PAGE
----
The black sheep of the world’s nuclear-reactor family struggles to compete
· Illustration by Amedeo DePalma
The sculpture—a large translucent ice block with the words “Team candu” chiselled into it—wasn’t destined to enjoy a long life in the overheated ballroom of Ottawa’s Westin hotel. But for the almost five hundred executives, scientists, and government officials gathered there one evening in February, it was something to talk about as they foraged at the Asian-fusion smorgasbord and waited for Robert Van Adel, president of Atomic Energy of Canada Ltd. (aecl), to take the podium. With twenty-seven reactors under construction around the world and more than a hundred others proposed, Van Adel seemed genuinely upbeat about the state of the industry. “We’re ready to lead the nuclear resurgence,” he said. “Not just in this country, but internationally.” And then he thanked the Canadian government for five decades of financial support (amounting to over $20 billion from taxpayers’ pockets).
You could forgive Van Adel’s bullishness. After all, the mood at the party hearkened back to the heady days of the 1960s, when science fairs across the country were alive with expositions featuring the Avro Arrow and the candu nuclear reactor, Canada’s homegrown miracle machines. candu skeptics in the ballroom, including environmentalists opposed to nuclear energy and salespeople from rival reactor manufacturers, seemed happy enough to sip their drinks and applaud Van Adel. This was no place to remind him that in recent years the candu has been largely shut out of major markets around the world—and unless Ontario chooses to build the reactor as part of its $40-billion nuclear renaissance, the candu will likely join the Avro Arrow on the expensive scrap heap of Canadian industrial policy.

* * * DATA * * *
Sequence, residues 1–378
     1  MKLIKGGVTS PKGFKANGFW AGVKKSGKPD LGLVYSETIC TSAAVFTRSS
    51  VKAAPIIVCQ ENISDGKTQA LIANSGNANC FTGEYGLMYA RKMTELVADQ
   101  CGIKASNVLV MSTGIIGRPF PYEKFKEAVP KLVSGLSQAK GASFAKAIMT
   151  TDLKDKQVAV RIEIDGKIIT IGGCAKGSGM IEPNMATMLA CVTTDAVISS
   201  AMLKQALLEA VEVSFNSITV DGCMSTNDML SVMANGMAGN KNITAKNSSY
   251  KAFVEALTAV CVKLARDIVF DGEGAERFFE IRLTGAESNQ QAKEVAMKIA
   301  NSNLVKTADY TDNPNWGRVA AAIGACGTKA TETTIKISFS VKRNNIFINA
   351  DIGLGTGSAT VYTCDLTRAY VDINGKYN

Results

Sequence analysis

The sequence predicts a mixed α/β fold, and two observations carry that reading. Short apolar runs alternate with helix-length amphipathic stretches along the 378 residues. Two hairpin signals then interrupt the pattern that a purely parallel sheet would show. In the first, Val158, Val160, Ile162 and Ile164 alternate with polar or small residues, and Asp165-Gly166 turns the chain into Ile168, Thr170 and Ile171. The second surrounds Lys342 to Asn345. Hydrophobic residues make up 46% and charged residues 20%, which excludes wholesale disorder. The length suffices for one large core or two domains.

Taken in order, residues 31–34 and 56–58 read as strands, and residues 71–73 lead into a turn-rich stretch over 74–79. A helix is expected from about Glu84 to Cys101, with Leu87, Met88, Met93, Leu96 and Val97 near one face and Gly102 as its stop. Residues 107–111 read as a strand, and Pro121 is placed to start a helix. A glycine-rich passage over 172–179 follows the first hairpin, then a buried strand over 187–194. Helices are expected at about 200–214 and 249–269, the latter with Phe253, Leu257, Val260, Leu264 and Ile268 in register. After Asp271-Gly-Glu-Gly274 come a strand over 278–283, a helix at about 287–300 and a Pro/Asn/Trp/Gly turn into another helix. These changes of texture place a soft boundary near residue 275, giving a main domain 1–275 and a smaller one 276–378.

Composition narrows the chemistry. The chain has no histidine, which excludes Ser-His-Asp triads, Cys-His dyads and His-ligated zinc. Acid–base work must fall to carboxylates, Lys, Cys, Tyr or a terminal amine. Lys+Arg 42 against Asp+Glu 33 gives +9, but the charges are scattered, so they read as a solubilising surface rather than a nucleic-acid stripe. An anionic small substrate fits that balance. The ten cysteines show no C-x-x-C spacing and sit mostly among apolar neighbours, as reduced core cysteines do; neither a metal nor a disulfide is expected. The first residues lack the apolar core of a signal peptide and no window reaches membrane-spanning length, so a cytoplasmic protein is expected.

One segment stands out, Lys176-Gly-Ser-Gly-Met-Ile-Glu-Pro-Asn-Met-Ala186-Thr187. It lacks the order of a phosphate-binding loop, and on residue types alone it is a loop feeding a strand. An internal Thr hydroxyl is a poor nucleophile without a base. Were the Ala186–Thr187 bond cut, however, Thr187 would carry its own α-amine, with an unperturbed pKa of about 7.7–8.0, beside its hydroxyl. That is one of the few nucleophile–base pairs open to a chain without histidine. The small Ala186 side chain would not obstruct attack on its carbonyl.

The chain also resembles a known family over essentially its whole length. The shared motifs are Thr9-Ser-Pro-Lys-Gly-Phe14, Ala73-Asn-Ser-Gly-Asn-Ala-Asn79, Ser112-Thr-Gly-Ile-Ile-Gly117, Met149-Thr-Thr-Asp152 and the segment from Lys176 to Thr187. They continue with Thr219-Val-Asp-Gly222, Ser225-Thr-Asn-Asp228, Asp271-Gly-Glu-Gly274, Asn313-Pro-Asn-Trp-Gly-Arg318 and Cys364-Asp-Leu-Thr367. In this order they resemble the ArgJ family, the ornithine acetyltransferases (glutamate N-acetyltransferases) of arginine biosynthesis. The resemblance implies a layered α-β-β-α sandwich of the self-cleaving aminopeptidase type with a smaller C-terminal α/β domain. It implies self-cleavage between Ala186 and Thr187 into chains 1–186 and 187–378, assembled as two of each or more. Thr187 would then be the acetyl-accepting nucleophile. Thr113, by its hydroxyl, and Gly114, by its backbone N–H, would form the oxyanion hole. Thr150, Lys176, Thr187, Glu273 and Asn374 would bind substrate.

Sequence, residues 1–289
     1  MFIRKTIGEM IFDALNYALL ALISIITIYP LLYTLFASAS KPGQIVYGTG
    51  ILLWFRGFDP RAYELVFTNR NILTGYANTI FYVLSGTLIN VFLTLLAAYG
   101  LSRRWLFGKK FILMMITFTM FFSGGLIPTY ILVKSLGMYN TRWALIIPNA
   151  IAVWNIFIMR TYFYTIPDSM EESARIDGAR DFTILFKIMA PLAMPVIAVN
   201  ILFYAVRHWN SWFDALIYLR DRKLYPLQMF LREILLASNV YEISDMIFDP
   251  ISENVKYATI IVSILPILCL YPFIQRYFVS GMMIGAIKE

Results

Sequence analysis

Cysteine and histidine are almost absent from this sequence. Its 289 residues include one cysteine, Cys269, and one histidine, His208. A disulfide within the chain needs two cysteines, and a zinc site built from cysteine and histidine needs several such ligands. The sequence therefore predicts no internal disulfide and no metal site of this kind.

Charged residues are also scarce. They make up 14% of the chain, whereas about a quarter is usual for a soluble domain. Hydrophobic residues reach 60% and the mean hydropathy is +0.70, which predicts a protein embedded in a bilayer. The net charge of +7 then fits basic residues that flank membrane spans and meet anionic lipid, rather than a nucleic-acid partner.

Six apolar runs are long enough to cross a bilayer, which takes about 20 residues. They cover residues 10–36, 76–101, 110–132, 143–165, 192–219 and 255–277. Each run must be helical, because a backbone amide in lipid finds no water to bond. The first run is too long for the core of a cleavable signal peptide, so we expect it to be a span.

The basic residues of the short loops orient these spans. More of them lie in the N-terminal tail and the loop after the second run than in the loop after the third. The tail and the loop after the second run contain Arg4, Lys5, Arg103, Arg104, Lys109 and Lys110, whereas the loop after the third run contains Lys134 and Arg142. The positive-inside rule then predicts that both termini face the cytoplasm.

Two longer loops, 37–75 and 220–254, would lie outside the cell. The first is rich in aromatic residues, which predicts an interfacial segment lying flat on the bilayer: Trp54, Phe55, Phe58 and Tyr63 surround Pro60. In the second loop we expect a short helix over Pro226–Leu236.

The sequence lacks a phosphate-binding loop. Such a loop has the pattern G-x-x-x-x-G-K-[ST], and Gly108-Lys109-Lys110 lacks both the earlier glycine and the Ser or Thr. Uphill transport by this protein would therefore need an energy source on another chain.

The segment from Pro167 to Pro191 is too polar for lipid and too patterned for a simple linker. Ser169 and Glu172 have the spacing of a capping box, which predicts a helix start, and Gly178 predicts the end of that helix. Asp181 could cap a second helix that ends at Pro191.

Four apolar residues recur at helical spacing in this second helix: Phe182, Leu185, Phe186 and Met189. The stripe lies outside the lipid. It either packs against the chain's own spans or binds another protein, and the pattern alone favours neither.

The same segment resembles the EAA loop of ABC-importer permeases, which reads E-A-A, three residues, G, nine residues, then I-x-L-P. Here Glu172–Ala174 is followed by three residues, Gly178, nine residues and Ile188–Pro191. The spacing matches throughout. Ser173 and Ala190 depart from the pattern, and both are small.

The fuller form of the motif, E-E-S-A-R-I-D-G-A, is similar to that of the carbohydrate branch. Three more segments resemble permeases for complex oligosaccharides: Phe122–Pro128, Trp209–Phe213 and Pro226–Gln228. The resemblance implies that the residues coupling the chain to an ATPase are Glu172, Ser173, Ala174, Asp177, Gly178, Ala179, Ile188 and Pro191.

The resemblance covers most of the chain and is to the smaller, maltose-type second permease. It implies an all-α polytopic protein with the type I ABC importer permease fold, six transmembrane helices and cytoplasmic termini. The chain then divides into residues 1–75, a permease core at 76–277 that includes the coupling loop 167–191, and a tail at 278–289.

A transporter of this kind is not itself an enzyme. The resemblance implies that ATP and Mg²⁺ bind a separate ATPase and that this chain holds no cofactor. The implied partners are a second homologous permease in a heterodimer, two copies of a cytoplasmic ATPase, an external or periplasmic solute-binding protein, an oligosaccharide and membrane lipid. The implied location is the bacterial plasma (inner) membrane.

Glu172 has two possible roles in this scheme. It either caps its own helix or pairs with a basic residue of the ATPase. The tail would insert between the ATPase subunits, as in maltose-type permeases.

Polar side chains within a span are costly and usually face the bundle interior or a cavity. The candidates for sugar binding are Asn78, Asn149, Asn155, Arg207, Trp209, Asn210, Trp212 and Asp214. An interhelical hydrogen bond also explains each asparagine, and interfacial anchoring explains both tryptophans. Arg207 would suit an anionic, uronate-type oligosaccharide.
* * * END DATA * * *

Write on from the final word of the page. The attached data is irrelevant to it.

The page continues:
It’s been more than sixty years since a team of Canadian, American, and British researchers fired up Canada’s first nuclear reactor, the Zero Energy Experimental Pile at Chalk River, Ontario. The zeep was uniquely Canadian. While American reactors run on enriched uranium, which is also used in nuclear weapons, the zeep was powered by natural uranium, which pleased Canadian politicians opposed to the nuclear-arms race. The reactor worked by harnessing atomic fission using a heavier form of water containing deuterium in place of hydrogen. By 1958, engineers with aecl had refined the zeep into a design they dubbed Canada Deuterium Uranium, or candu.